AC/DShe, Hell Fire and Space Vacation: An Unforgettable Celebration Of Bay Area Heavy Metal

By Avinash Mittur

September 14th 2012, Slim’s, San Francisco CA: This summer I’ve been spending my time up in my high school home, the San Francisco Bay Area. I’ve been able to attend a huge amount of shows up here. They’ve ranged from sold out amphitheaters to empty rehearsal spaces, but every one of them has been an occasion that I do not regret taking part in. Last Friday night I saw my last Bay Area show of the summer at Slim’s- my all-time favorite venue. On the bill were AC/DShe, Hell Fire, and Space Vacation: all three acts hail from San Francisco, and all three delivered spectacular sets. For me, this concert was a perfect goodbye to my beloved Bay Area. For everyone else, this was nothing less than a amazing Friday night in San Francisco.

Slim’s is a venue that I can’t say enough great things about. The tickets are cheap, the bills are consistently stellar, the staff is extremely nice and courteous, many concerts are all-ages and every show is extremely well organized. This show was no exception- the set times were accurate within mere minutes, the sound was impeccable and the audience members were treated with respect and care, no matter how unruly they occasionally became. I wouldn’t recommend ordering the terrible pizza at the bar, but that’s a pretty minor blemish on what I otherwise consider the best venue in San Francisco, if not the entire Bay Area.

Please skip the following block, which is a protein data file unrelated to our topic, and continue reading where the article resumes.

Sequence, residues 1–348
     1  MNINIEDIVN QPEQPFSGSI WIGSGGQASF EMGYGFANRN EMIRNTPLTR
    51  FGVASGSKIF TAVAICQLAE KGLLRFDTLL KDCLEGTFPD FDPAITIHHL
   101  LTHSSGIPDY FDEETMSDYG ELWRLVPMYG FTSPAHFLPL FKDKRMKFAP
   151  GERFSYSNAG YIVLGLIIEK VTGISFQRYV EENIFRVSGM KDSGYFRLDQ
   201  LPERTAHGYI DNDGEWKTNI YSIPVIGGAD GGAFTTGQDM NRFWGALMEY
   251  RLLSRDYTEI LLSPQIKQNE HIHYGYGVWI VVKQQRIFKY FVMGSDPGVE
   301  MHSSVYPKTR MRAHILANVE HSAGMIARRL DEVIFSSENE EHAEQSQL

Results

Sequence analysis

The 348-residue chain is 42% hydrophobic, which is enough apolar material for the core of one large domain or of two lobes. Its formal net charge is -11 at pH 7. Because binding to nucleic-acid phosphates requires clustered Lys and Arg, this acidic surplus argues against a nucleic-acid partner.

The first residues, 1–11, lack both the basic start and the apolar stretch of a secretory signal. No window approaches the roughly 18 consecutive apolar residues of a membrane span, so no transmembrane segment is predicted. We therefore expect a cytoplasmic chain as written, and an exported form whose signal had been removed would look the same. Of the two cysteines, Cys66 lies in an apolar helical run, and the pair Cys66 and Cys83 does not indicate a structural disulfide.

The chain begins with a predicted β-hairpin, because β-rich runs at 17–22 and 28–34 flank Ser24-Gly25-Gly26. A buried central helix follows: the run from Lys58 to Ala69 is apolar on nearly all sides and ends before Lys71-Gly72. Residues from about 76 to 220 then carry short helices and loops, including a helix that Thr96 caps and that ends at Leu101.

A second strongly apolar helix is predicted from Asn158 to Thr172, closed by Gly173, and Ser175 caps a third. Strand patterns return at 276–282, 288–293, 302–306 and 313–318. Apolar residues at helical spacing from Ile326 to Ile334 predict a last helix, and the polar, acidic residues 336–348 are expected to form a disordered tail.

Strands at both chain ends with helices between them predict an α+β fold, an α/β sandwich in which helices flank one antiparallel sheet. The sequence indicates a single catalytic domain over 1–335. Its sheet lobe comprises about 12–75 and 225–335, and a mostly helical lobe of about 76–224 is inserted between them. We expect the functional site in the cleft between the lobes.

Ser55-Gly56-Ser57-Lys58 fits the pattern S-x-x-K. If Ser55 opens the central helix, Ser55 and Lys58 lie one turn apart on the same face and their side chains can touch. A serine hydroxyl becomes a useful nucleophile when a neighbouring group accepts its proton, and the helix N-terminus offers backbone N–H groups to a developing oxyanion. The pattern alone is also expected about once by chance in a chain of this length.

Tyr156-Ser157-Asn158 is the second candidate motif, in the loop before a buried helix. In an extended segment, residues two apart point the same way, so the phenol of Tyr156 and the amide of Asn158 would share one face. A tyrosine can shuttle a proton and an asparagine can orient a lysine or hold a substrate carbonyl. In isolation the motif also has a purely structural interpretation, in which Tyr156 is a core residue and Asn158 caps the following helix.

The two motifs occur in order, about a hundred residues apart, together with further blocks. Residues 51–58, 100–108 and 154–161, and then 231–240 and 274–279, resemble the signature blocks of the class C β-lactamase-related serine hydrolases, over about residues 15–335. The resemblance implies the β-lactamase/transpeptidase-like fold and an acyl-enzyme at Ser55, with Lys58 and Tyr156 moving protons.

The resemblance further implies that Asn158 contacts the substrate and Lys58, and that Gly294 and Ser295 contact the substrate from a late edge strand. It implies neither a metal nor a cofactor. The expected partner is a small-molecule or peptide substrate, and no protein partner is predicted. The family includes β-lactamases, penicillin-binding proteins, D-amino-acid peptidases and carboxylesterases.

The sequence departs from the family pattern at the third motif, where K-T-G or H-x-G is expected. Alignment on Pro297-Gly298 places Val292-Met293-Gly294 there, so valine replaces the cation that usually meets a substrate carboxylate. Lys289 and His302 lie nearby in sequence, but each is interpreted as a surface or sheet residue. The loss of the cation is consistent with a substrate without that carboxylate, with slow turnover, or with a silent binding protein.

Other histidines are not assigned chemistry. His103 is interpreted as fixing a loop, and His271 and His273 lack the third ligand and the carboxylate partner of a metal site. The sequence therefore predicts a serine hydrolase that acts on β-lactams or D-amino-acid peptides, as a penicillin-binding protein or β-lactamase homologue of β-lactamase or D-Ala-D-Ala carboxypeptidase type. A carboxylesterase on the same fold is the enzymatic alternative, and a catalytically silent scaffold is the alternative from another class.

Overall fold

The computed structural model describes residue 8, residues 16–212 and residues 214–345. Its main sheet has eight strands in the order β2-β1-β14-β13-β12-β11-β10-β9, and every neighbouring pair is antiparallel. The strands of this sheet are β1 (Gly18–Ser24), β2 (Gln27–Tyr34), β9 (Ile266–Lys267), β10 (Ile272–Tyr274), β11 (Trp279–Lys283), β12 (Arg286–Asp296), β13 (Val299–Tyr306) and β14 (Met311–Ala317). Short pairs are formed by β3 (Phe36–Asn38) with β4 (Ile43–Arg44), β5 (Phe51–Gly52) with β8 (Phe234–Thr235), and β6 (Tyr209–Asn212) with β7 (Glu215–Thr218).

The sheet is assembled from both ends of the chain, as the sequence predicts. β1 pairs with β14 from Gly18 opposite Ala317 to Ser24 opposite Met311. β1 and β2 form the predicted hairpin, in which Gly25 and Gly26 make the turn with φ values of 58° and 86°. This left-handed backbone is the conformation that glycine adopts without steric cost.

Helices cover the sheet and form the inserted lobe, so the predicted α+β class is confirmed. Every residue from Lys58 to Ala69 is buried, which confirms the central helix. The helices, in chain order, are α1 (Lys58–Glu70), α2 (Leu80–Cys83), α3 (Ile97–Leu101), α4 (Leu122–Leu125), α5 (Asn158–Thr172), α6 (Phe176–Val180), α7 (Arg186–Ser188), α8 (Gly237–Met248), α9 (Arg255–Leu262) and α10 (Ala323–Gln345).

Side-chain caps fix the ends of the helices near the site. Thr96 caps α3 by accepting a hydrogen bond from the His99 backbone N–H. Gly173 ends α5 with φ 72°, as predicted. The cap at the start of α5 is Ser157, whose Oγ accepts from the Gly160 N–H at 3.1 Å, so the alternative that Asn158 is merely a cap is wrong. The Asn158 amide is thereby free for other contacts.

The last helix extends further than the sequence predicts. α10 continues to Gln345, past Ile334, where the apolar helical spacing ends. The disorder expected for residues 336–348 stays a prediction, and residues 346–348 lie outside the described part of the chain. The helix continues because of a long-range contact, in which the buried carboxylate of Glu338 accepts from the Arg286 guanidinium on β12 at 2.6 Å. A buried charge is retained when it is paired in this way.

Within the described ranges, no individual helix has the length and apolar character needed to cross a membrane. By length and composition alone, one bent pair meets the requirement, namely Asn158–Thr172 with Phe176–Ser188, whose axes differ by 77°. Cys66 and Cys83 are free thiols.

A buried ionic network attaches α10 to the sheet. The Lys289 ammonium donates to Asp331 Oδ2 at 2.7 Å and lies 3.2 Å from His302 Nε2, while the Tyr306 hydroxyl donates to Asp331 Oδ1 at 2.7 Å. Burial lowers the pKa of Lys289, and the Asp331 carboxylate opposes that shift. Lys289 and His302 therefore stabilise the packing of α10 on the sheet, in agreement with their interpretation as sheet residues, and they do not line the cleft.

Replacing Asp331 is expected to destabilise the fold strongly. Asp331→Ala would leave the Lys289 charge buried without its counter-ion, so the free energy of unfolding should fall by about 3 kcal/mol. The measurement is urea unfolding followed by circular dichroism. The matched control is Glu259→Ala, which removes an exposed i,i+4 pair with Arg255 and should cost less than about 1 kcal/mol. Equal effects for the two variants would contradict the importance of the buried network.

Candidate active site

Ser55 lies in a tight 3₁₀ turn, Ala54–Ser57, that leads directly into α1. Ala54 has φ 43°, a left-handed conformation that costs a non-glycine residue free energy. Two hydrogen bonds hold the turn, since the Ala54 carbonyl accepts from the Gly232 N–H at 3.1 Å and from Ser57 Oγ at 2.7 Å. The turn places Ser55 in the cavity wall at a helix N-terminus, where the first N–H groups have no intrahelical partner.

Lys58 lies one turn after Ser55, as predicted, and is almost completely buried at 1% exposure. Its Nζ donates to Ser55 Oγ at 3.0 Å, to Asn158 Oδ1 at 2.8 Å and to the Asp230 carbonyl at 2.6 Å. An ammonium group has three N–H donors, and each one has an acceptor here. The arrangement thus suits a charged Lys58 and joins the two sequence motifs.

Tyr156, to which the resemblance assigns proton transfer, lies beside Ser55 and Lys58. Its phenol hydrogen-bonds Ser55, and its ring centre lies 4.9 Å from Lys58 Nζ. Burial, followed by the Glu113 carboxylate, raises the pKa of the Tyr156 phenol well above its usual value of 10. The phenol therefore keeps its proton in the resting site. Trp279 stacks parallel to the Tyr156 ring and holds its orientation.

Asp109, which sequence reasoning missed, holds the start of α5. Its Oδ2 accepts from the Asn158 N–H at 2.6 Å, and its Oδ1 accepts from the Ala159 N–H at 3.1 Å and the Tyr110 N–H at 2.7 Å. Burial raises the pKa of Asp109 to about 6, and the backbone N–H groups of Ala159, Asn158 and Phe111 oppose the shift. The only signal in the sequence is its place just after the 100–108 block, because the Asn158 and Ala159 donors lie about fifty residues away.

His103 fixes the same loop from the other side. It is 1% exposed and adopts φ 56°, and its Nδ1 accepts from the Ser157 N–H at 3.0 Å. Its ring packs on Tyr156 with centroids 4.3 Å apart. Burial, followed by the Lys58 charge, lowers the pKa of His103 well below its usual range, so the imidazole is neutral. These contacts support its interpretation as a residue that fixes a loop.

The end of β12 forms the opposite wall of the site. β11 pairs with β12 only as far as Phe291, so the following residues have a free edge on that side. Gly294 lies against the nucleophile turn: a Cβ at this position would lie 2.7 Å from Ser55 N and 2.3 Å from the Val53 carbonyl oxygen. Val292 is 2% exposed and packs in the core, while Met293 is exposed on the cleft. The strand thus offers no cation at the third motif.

Space Vacation came on promptly at 9 PM. I knew that the band was a NWOBHM influenced act, but other than that I came to the show completely fresh to their music. The band absolutely delivered on that notion, but it would have to take more than NWOBHM-inspired songs to win me over. Win me over they did however. Singer and bassist Scott Shapiro boasted a Lemmy-esque bass sound, but his vocals were anything but similar to the man. Scott’s singing was instead more reminiscent of Diamond Head’s Sean Harris and the passionate delivery of Phil Mogg from UFO. Scott made sure to throw in a few high screams though, and the band really made the UFO influence known by throwing in a killer cover of “Doctor, Doctor.” The music was admittedly not nearly as heavy as I was expecting, but I was happy to hear a band playing catchy hard rock songs without resorting to mindless thrashing. It’s ironic in a way, because drummer Eli Lucas also plays in Hatchet, a thrash group. Seeing Eli play in a more stripped down and swinging style was a delight, and he even managed to do a great job assisting Scott with backing vocals. The songs ranged from mid-tempo rockers to proto-thrashers, but they were all catchy and full of melody. The older audience who had come for AC/DShe were very receptive to Space Vacation, and the band’s 45 minutes onstage were a great start to the rest of the night.

Space Vacation Set List: